And yeah, it’s perfectly fine to approach all this by saying “we never have access to the far UV so who cares?” I don’t object to that attitude. But I think some people will still care, and it’s worth thinking about what to tell them.

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claytonI’m not sure there’s really any weirdness — there is

no energy Eat which a sufficiently precise experiment would be compatible with alpha_s(E) = 0. You’d always measure some deflection if you fired two quarks at one another from asymptotically far away (for example). Such an energy simply does not exist, given the input that alpha_s=4pi at some other energy. Thus, alpha_s always has somewhere to runfrom. Perhaps there’s an ambiguity about what “asymptotically far away” and “some deflection” mean in my sentence above, but those are IR questions, not UV ones, and those need to be dealt with to create a sensible S-matrix at any energy (which presumably, you’ve done if you’re talking about scattering and so forth)LikeLike

4gravitonsPost authorI think that’s part of the weirdness though: yes, at any given energy, there’s a finite higher energy to run there from. The weirdness is that there’s no “final energy”, no lowest-level theory that your low-energy theories “reduce to”. It’s just an infinite (continuous) chain of one theory reducing to another. There’s nothing illogical or impossible about that, but it’s weird! I think it’s very much not something the average person would have expected to be possible.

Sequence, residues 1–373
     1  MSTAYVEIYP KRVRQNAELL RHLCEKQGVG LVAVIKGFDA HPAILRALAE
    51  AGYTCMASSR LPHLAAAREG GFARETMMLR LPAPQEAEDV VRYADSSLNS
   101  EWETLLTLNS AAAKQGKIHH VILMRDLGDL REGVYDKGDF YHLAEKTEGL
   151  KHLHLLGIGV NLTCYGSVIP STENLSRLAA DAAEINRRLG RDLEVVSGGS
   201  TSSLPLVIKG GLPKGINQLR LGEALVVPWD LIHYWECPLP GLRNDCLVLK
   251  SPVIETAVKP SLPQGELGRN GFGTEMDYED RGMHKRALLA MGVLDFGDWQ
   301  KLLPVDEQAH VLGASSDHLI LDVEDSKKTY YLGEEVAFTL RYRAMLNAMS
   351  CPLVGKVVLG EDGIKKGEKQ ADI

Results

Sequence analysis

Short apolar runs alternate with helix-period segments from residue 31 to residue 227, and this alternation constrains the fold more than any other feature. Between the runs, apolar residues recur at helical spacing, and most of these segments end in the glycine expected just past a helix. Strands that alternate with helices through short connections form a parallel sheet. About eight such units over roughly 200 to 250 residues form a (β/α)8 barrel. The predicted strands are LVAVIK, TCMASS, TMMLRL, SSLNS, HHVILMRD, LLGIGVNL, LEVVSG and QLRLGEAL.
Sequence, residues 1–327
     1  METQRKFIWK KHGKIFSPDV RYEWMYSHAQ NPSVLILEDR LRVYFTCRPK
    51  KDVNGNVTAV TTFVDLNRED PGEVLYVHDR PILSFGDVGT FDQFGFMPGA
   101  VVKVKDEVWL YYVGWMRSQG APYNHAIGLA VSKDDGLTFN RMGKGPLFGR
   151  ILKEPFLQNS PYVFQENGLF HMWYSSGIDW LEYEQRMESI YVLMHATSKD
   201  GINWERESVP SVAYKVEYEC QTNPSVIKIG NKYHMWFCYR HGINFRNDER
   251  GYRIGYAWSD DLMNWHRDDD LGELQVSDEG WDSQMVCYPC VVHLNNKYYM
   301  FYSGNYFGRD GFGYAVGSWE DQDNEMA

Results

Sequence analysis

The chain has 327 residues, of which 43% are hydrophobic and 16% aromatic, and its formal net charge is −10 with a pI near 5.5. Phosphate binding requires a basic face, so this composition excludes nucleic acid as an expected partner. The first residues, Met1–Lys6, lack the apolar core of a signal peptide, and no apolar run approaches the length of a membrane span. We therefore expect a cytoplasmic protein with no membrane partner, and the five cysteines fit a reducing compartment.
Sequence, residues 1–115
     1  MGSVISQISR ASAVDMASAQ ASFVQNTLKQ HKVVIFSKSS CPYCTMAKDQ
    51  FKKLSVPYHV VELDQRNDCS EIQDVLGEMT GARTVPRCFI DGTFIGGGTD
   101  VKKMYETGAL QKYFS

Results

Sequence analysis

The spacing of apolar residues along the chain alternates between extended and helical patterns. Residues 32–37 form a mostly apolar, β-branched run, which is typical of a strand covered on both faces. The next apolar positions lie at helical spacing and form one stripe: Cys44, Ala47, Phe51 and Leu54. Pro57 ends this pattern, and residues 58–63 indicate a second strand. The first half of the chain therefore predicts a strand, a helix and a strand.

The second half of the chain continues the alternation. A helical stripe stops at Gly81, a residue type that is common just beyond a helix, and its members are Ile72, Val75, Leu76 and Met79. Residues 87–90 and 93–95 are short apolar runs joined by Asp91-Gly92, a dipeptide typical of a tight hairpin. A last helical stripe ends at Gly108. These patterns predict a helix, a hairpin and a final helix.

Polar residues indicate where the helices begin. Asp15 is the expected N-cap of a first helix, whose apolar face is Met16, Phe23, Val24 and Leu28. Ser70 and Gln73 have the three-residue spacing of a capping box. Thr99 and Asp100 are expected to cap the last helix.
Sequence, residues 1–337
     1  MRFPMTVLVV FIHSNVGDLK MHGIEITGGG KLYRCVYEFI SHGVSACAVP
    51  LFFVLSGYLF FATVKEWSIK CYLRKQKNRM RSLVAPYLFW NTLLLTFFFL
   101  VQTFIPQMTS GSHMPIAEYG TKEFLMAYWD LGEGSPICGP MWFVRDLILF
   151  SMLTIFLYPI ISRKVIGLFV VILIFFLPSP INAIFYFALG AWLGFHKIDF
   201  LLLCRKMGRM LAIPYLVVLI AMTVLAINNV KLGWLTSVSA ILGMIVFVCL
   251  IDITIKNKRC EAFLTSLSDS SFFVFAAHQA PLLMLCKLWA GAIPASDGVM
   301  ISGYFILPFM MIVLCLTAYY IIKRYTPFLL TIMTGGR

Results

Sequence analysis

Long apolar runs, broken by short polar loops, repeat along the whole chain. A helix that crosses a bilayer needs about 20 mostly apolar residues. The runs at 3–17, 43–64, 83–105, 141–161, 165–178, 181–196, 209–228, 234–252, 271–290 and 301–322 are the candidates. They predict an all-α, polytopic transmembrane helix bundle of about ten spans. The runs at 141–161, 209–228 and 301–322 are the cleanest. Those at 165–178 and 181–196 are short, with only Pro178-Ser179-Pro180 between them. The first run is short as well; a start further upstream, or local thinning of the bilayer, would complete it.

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claytonNot trying to be obtuse, but: what is the alternative that you think is most satisfying? QED runs to a Landau pole, but maybe it’s just electronballs behaving like billiard balls at higher energy. Imagine QCD turning into nuclear physics (which itself is in some sense “residual” QCD forces between nucleons), just reversed as a function of energy — it doesn’t have to be something “heartier” like string theory (or the physics that underlies chemistry) up there to resolve the Landau pole. It might “just be”. This, too, is probably not “maximally classic reductionism,” but we don’t know which is the answer until we run an experiment at a sufficiently high energy. One case is equivalent to saying “there’s a few constants we can’t predict (like the electronball mass gap or electronball spectroscopic splittings),” while the other is saying “we were totally misled by what appeared to simple organizing principles at low energy, which have very different interpretations at high energies.”